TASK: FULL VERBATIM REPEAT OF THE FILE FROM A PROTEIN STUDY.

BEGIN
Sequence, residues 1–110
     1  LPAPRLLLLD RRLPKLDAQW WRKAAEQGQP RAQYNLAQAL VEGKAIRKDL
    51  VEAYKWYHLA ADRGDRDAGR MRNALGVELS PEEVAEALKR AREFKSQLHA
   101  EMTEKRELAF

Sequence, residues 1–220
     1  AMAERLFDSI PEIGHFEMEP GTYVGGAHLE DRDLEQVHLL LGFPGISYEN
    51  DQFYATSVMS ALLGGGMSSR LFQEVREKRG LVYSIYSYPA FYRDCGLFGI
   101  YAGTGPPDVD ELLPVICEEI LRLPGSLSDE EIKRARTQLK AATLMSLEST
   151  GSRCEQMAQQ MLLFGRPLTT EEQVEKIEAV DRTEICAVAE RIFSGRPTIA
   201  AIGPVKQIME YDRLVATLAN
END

Sequence, residues 1–110
     1  LPAPRLLLLD RRLPKLDAQW WRKAAEQGQP RAQYNLAQAL VEGKAIRKDL
    51  VEAYKWYHLA ADRGDRDAGR MRNALGVELS PEEVAEALKR AREFKSQLHA
   101  EMTEKRELAF

Sequence, residues 1–220
     1  AMAERLFDSI PEIGHFEMEP GTYVGGAHLE DRDLEQVHLL LGFPGISYEN
    51  DQFYATSVMS ALLGGGMSSR LFQEVREKRG LVYSIYSYPA FYRDCGLFGI
   101  YAGTGPPDVD ELLPVICEEI LRLPGSLSDE EIKRARTQLK AATLMSLEST
   151  GSRCEQMAQQ MLLFGRPLTT EEQVEKIEAV DRTEICAVAE RIFSGRPTIA
   201  AIGPVKQIME YDRLVATLAN